At Researching Reform we don’t often mention personal landmarks or online milestones, but when we received a notification in the early hours of this morning that our site had reached 1337 likes, we were curious about the significance of what seemed at first like a random number.

A little research on the net revealed a really interesting clue.

1337, or Leet, is actually an alternative alphabet for the English language, used mostly by internet mavens and hackers. Those who use it consider themselves to be an elite group within the online community, but it has since entered the mainstream and become more widely known.


So Leet, or 1337 is actually an abbreviation for eleet or 31337, which derives from, yes, you guessed it, the word elite. The idea then, is that once you hit 1337 likes on a WordPress blog you’ve joined a club of sorts.

We are sure many of you who read this blog and who have blogs of your own will have reached this milestone also, so please do drop by and let us know and we’ll look forward to cheering you on.

All that’s left for us to do now is thank those of you who liked our posts enough to get us here. So thank you for supporting the blog and we hope we continue to offer you interesting content.

Wishing everyone a happy weekend,

Researching Reform xxxxxx


Why Does It Take Victims Of Child Sexual Abuse So Long To Speak Up?

That is the title of an excellent article written by Michael Salter, a Senior Lecturer in Criminology at the University of Western Sydney.

In his piece, he explains why men and women who experience sexual abuse as children often take so long to speak up, how environments can make disclosure not just difficult but unappealing to say the least, and what questions we should really be asking when trying to understand abuse that takes place sometimes decades before it comes to light.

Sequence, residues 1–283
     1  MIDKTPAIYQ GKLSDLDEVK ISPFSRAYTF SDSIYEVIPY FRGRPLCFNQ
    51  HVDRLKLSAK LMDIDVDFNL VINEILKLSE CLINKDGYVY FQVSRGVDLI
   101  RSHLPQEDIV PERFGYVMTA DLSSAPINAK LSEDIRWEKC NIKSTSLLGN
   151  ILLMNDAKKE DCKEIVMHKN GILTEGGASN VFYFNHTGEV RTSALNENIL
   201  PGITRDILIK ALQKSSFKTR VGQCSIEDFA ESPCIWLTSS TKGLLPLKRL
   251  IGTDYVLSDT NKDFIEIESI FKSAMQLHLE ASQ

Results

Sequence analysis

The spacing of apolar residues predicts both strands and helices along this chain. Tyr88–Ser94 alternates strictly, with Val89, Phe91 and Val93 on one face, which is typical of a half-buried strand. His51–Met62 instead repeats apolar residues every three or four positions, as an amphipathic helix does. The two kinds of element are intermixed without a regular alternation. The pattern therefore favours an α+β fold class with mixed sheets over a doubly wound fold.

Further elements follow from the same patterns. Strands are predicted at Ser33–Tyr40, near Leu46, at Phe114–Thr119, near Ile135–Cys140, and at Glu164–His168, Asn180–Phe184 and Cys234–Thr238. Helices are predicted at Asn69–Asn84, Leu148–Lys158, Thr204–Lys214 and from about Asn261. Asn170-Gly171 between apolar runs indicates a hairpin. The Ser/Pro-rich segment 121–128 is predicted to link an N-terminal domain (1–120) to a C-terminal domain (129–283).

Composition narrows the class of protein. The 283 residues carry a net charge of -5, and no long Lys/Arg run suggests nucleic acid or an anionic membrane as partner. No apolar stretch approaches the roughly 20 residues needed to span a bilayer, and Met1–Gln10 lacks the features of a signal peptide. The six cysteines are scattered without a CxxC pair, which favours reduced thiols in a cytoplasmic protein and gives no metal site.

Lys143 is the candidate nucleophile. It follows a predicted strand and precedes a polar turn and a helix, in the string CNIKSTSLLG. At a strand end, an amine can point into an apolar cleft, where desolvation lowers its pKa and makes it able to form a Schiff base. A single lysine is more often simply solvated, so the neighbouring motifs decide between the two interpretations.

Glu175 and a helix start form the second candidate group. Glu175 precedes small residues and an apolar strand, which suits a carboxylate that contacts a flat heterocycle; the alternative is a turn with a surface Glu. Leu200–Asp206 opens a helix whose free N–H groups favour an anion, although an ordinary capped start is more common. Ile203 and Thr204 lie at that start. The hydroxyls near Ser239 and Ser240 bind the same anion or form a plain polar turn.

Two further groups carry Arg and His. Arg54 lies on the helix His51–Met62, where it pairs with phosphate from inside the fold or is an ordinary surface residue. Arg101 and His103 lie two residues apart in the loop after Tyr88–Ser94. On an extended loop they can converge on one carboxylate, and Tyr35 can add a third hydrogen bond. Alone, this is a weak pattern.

Very much worth a read if you have a moment, and if you want to get in touch with Mike, he is on Twitter and currently working on a research project focusing on stalking and violence against women. 

“The Terms Are Cold. They Speak Nothing Of A Relationship Or Emotions But Of Institutions And Military Language.”

That is a description of the words and phrases used in children’s care homes in England and implicitly at least, their effect on the children who live in them.

We haven’t felt this strongly about a piece on child welfare for some time, but this article by a children’s rights worker embraces our thoughts and feelings exactly about some of the basic problems children in care experience and why the way these places are run so desperately needs to change.

The kind of language we use around children makes a huge impact on them. Whether a child grows up within a conventional home or one run by the state, words can be comforting and kind, but they can also be cold, destructive tools that damage a child’s development. And it’s often the subtle, ongoing lexicon in a child’s life that affects them the most. Tell a child they live ‘on site’ long enough, and they won’t ever feel they have a home, a safe space to run to should they need it. It would not surprise us if the high prevalence of runaways in care homes was not amply aided and abetted by  ‘arm’s length’ language used in these places.

In the piece, which has been sponsored by Cafcass (but we’ll forgive it that for now despite their continued inability to make their services personable), a young girl in care collects all the words she hears in her children’s home and puts them into a poem. We’ve added the poem below because it shows the extent of the problem:

“On shift, offsite

Menu planner, pathway plan

Full care order, section 20

Grateful, lucky

Welcome pack, clothing allowance

Health and safety, sanctions

Staff rota, staffroom

Sign for, key worker

Your file, care plan

Back to the unit

Semi independence, comply

Risk assessment, activity

Stat visit, staff

Looked after, leaving care

Pep, hand over

Contact, siblings

Aftercare, LAC review

Notice board, negative behaviour

Residential, engaged.”

The article is very much worth a read if you have time. For those who understand the difficulties much of it will ring true, for those who have yet to see them, this piece is a must read.

Child Abuse Inquiry Invites Victims And Survivors To Share Their Experiences